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Holliday officially promoted, to wear No. 7 with Orioles

The Orioles have officially promoted top prospect Jackson Holliday to the majors ahead of Wednesday night’s game in Boston.

Roughly nine hours prior to the scheduled first pitch at Fenway Park, Baltimore selected the contract of the 20-year-old infielder and designated veteran infielder Tony Kemp for assignment. Holliday is expected to be the Orioles’ primary second baseman moving forward, forming an electric double-play combination with 2023 AL Rookie of the Year shortstop Gunnar Henderson.

Signed just two days before the open of the 2024 season, the 32-year-old Kemp made two starts at second base and had gone hitless in nine at-bats.

In addition to the excitement of baseball’s top prospect making his major league debut, Holliday will don No. 7, which hasn’t been worn by anyone for the Orioles since the late Cal Ripken Sr. in 1992. Hall of Famer and Orioles legend Cal Ripken Jr. — who recently became part of the club’s new ownership group — and brother Bill Ripken confirmed the family’s blessing for No. 7 to be worn by Holliday, who is the son of seven-time All-Star outfielder Matt Holliday. The number was never officially retired by the organization.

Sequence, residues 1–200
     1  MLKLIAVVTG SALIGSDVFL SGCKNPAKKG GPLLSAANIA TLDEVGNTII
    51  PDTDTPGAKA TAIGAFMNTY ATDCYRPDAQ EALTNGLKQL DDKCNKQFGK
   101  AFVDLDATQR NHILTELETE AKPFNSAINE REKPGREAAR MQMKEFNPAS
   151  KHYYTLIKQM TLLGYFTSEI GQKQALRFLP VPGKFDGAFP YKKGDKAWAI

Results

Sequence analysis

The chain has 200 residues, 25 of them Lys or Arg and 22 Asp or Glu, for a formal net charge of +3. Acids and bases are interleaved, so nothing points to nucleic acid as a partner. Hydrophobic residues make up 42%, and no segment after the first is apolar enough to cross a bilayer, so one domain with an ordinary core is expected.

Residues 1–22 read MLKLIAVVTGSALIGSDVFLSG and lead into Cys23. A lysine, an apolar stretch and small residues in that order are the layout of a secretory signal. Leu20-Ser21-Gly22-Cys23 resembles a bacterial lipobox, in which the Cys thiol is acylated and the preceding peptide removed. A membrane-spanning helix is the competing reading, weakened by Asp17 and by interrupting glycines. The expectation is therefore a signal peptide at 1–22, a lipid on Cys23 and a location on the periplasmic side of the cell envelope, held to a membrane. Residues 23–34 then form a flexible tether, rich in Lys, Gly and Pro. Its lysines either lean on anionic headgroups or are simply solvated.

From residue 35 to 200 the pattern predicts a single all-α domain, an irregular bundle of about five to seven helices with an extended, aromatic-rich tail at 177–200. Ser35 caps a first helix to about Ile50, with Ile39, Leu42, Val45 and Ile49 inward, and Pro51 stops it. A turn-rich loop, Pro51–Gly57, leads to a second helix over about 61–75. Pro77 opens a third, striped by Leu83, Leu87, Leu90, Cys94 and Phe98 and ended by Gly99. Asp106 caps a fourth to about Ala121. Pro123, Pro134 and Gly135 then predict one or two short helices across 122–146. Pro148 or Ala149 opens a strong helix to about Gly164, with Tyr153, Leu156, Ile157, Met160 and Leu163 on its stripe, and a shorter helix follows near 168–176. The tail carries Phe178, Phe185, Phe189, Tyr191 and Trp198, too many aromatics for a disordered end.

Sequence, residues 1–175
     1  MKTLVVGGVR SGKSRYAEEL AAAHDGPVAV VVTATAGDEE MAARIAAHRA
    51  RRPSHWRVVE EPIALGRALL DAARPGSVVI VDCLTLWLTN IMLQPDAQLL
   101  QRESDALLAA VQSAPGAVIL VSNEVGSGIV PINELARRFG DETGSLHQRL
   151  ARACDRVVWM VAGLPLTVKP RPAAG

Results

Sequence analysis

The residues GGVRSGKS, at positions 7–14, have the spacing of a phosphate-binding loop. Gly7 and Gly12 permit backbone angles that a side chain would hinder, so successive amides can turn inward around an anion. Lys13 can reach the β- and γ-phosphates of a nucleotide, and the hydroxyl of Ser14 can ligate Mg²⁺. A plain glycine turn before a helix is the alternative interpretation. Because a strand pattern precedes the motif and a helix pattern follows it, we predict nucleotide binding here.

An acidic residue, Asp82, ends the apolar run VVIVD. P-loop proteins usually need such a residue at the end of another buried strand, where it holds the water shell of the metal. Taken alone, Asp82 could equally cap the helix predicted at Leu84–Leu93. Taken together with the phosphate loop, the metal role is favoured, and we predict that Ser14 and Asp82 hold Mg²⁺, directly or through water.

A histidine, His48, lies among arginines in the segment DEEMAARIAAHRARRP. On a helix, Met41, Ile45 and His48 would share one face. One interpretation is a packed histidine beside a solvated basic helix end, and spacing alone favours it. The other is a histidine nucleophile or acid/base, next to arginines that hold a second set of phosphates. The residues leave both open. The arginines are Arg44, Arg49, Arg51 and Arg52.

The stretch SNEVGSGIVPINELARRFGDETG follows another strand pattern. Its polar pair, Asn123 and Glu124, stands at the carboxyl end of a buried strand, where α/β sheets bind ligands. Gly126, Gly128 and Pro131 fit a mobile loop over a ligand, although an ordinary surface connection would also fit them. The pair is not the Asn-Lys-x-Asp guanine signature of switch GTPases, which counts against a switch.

Speaking on MLB Network on Wednesday morning, Bill Ripken said the Holliday family had “very respectfully” inquired about Jackson wearing No. 7 for the Orioles.

“My brother did touch base with me actually this morning and said, ‘What do you think?’ said Bill Ripken on “MLB Central.” “I said, ‘You know what, if anybody’s going to do it, I think that family’s going to honor the fact that Senior was a part of that.’ It gives us another opportunity to throw Senior out there [for recognition], so I’m all on board with it.”

Bill Ripken was the last player to wear No. 7 for the Orioles after his father was fired as field manager after an 0-6 start to the 1988 season. Cal Ripken Sr. returned to the organization as third-base coach the following year and served in that capacity until being dismissed from that job and refusing a minor-league reassignment after the 1992 campaign, which ended a 36-year run with the Orioles that began as a minor-league player in 1957. Cal Ripken Sr. died from lung cancer at age 63 in 1999.

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